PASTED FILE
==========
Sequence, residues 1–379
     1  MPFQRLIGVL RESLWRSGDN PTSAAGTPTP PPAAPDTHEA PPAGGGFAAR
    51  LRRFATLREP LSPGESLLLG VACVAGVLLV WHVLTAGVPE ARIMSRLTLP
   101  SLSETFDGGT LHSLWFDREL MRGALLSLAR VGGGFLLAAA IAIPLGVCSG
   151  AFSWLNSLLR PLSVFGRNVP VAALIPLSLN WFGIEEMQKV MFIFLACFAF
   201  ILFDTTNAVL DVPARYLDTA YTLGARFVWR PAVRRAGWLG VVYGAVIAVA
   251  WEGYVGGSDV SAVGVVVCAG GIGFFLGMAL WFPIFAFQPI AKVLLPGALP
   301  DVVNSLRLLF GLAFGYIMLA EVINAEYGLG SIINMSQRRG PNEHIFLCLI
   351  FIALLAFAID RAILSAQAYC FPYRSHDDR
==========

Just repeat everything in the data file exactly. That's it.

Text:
Sequence, residues 1–379
     1  MPFQRLIGVL RESLWRSGDN PTSAAGTPTP PPAAPDTHEA PPAGGGFAAR
    51  LRRFATLREP LSPGESLLLG VACVAGVLLV WHVLTAGVPE ARIMSRLTLP
   101  SLSETFDGGT LHSLWFDREL MRGALLSLAR VGGGFLLAAA IAIPLGVCSG
   151  AFSWLNSLLR PLSVFGRNVP VAALIPLSLN WFGIEEMQKV MFIFLACFAF
   201  ILFDTTNAVL DVPARYLDTA YTLGARFVWR PAVRRAGWLG VVYGAVIAVA
   251  WEGYVGGSDV SAVGVVVCAG GIGFFLGMAL WFPIFAFQPI AKVLLPGALP
   301  DVVNSLRLLF GLAFGYIMLA EVINAEYGLG SIINMSQRRG PNEHIFLCLI
   351  FIALLAFAID RAILSAQAYC FPYRSHDDR